In four delightful “visual chapters,” Beekle, an imaginary friend, undergoes an emotional journey looking for his human. Santat uses fine details, kaleidoscopic saturated colors, and exquisite curved and angular lines to masterfully convey the emotional essence of this special childhood relationship.
The Caldecott Medal is awarded annually by the Association for Library Service to Children, a division of the American Library Association, to the artist of the most distinguished American picture book for children.

For more information and other great award-winning titles, visit the ALA Book & Media Awards site.

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Betty Goes Bananas

January 29, 2015

indexCAZUTHAMBetty Goes Bananas

by Steve Antony

Looking for a great book about temper tantrums? This just might be the one!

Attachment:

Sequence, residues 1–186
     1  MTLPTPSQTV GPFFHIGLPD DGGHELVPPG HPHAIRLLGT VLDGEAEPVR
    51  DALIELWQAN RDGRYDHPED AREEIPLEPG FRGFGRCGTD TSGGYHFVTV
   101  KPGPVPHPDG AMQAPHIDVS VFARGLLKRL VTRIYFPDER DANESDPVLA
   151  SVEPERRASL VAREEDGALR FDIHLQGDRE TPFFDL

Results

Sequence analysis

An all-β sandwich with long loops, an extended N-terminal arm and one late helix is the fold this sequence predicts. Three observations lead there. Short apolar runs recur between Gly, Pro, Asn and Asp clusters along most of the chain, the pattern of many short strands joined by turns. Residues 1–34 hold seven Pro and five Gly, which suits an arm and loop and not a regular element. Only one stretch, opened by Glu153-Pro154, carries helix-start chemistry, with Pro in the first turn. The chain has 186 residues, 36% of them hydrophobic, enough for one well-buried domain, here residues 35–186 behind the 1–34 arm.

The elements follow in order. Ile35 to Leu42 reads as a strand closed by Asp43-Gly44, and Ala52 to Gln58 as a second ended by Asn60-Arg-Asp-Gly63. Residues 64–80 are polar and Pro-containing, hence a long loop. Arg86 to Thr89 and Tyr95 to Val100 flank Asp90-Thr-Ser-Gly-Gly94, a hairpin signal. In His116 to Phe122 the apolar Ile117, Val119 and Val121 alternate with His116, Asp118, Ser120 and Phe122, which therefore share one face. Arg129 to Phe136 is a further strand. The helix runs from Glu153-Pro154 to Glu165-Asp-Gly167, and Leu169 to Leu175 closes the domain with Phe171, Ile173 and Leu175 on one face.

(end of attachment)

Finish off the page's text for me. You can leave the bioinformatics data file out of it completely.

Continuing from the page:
Betty the gorilla is hungry and wants to eat a banana. But when that banana just won’t open, well, Betty goes a little bit bananas! Luckily Mr. Toucan is there to help.

With bright, colorful pencil illustrations, this is a fun read-aloud about not always getting your way.

Be sure to check out Antony’s other picture book, Please, Mr. Panda, for more hilarious animal fun!

Reviewed by: Lara (Haggard Library)

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Edgar’s Second Word

January 28, 2015

Edgar's Second WordEdgar’s Second Word

By: Audrey Vernick

Illustrated by: Priscilla Burris